Friday, September 27, 2013

The emerging synthesis of evolution with ecology in fisheries science


[ This post is by Dylan Fraser of Concordia University, Montréal; I am just posting it for him.  –B. ]


It is both a harrowing and hopeful time to be a conservation biologist: harrowing in the sense that our species is, of course, rapidly altering and diminishing the Earth’s biodiversity and ecosystems. But there is hope: the present and next generation of conservation biologists really do have the opportunity to help stem the incoming tide of rapid species loss and habitat change, and to contribute substantially towards more effective conservation strategies for retaining the services that species provide to humanity. Why am I optimistic that we can accomplish this? In part, our science is getting better. It is becoming more integrative and closer to biological reality. In particular, as many of the postings on this blog indicate, we are currently witnessing the emergence and crystallization of a true (and long-awaited) synthesis of evolutionary with ecological perspectives in the scientific literature.



The implications of this ecological-evolutionary synthesis for how we manage our own activities are profound. Perhaps this is nowhere more apparent than in fisheries and its associated activities. No other vertebrates are tinkered with more by us than fishes, save for lab mice and farm animals. Intentionally or unintentionally, we harvest vast numbers of fish in marine and freshwater, we rear and release them in enormous numbers in nature for aquaculture or to bolster natural populations, we block fish migrations when we build our dams, we routinely pollute their environments, and we regularly introduce fishes to new environments. As I summarize in a recent perspective paper in the Canadian Journal of Fisheries and Aquatic Sciences, such activities regularly generate rapid changes to population abundance, density, and (or) mortality. Under such conditions, evolutionary dynamics might strongly influence ecological dynamics and vice versa within fish populations, and within the communities and ecosystems they inhabit. Indeed, the evidence is accumulating that human-induced evolutionary changes in fisheries-related activities can elicit a rich array of ecological changes on short time scales, in some cases equal to or exceeding the changes brought on by classical ecological effects.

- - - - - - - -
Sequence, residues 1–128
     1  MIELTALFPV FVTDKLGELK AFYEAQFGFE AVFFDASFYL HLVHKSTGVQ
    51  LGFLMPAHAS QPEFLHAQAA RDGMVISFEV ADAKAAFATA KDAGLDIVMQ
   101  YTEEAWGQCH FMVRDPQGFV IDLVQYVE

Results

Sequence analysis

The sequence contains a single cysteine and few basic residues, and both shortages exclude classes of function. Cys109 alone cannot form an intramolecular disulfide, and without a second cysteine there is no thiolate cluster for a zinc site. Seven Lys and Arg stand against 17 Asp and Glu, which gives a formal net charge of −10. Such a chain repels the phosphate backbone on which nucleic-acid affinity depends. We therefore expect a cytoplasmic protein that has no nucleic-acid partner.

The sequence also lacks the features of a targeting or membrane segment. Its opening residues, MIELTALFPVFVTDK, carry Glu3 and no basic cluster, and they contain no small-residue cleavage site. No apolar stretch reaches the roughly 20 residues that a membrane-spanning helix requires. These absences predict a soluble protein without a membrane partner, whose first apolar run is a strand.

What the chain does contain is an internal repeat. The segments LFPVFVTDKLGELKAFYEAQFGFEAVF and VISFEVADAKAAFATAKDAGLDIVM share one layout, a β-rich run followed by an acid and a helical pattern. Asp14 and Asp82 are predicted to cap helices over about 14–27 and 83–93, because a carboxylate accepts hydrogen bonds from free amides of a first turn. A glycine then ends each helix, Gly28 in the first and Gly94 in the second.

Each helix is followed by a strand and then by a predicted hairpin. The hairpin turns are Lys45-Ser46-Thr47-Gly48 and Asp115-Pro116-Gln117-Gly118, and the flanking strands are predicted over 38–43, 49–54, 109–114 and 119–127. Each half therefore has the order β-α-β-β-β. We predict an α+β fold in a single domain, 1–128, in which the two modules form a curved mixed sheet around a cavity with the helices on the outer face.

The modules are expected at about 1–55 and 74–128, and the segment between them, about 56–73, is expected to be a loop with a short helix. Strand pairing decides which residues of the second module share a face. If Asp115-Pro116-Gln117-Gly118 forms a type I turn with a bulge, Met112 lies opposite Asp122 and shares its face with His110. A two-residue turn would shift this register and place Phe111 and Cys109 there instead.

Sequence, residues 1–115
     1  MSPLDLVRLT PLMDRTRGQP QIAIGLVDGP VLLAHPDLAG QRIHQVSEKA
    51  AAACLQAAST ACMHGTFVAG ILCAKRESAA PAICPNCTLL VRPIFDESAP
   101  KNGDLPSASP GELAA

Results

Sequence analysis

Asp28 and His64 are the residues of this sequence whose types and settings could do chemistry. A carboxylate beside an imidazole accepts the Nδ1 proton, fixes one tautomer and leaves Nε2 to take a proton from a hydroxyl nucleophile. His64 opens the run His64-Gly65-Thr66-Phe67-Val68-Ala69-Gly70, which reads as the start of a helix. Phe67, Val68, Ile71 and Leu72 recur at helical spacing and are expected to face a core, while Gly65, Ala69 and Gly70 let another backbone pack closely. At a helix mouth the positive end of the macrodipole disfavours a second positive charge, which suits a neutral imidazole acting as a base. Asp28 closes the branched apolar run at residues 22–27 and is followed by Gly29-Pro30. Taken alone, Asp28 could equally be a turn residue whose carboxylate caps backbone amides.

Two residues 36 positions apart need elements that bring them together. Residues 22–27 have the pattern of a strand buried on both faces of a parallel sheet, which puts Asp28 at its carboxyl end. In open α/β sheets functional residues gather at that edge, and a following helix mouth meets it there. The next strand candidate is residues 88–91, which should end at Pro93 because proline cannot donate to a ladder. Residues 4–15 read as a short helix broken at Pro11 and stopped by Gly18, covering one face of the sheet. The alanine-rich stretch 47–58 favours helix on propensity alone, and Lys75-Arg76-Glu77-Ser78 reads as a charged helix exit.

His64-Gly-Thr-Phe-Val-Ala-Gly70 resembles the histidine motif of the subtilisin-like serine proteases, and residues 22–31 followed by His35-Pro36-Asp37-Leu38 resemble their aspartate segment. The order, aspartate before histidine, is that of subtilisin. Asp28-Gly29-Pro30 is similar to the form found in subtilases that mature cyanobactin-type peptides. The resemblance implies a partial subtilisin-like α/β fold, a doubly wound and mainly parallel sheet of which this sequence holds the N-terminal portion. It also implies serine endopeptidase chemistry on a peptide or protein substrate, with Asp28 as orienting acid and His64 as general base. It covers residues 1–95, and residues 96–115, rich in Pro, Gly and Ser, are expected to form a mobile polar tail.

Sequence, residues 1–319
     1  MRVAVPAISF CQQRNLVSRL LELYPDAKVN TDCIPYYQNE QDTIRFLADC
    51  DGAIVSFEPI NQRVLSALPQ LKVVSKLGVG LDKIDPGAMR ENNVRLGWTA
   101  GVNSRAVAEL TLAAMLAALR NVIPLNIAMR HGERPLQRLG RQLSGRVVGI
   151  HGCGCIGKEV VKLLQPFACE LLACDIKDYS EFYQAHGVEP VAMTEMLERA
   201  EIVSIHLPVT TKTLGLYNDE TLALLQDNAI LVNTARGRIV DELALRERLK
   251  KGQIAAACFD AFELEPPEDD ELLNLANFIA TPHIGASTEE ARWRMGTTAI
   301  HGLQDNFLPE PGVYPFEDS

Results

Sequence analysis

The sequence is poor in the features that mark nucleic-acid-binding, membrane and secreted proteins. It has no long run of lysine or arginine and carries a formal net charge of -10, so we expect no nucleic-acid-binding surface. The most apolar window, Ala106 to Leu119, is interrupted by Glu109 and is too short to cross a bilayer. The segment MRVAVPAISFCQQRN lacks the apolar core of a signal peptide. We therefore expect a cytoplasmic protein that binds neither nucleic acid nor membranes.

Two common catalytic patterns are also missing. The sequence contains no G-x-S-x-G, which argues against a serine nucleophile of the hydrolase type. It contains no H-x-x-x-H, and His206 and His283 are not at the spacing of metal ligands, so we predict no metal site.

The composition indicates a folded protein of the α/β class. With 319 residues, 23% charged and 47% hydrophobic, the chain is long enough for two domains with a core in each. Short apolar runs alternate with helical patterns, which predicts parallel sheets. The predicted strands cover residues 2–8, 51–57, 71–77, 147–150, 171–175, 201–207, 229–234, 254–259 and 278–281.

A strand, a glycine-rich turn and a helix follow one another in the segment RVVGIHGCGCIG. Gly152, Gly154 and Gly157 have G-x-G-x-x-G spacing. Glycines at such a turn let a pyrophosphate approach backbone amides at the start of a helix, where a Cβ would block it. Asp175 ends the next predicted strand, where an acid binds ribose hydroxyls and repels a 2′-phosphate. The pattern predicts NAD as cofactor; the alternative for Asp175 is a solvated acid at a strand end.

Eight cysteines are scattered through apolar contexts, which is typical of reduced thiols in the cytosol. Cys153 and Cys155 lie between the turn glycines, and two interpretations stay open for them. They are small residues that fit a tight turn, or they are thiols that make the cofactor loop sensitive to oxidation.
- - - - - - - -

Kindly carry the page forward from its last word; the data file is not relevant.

These changes are not merely of academic interest. They matter to everyone because they can and do affect the persistence, recovery and productivity (and profitability) of exploited fishes, and hence the services that fishes provide to us for our own survival and health. Once again, there are profound implications of applying ecological-evolutionary science to manage our own activities, as exemplified by a growing number of studies in fisheries science.


I am certainly not the first person to plead for more consideration of evolutionary perspectives with ecological ones in fisheries management (or any other natural resource management sector). I have found other such pleas in the literature going back at least two decades. The reality, though, is that despite such pleas, and although I firmly sense that conservation/applied biology has become more oriented toward the ecological-evolutionary perspective in many instances, management decision-making often has not (as was raised by the one of the reviewers of my paper). Why is this? Is it that evolution is still often viewed as happening too slowly to be of relevance to many management timescales? Perhaps increased recognition of evolutionary change may reveal that the current way of doing things needs tweaking, but isn’t that consistent with adaptive management? I am optimistic that the growing arsenal of studies demonstrating the significance of evolutionary change to managed species’ demography and productivity will eventually lead to more, and more positive, management decision-making change. So for those of you with a genuine interest in conducting and applying combined ecological-evolutionary science for conservation and natural resource management: keep at it! And get the message out!

References

Fraser, D. J.  (2013).  The emerging synthesis of evolution with ecology in fisheries science.  Canadian Journal of Fisheries and Aquatic Sciences 70(9), 1417-1428.  DOI: 10.1139/cjfas-2013-0171

Photos provided by D. Fraser.

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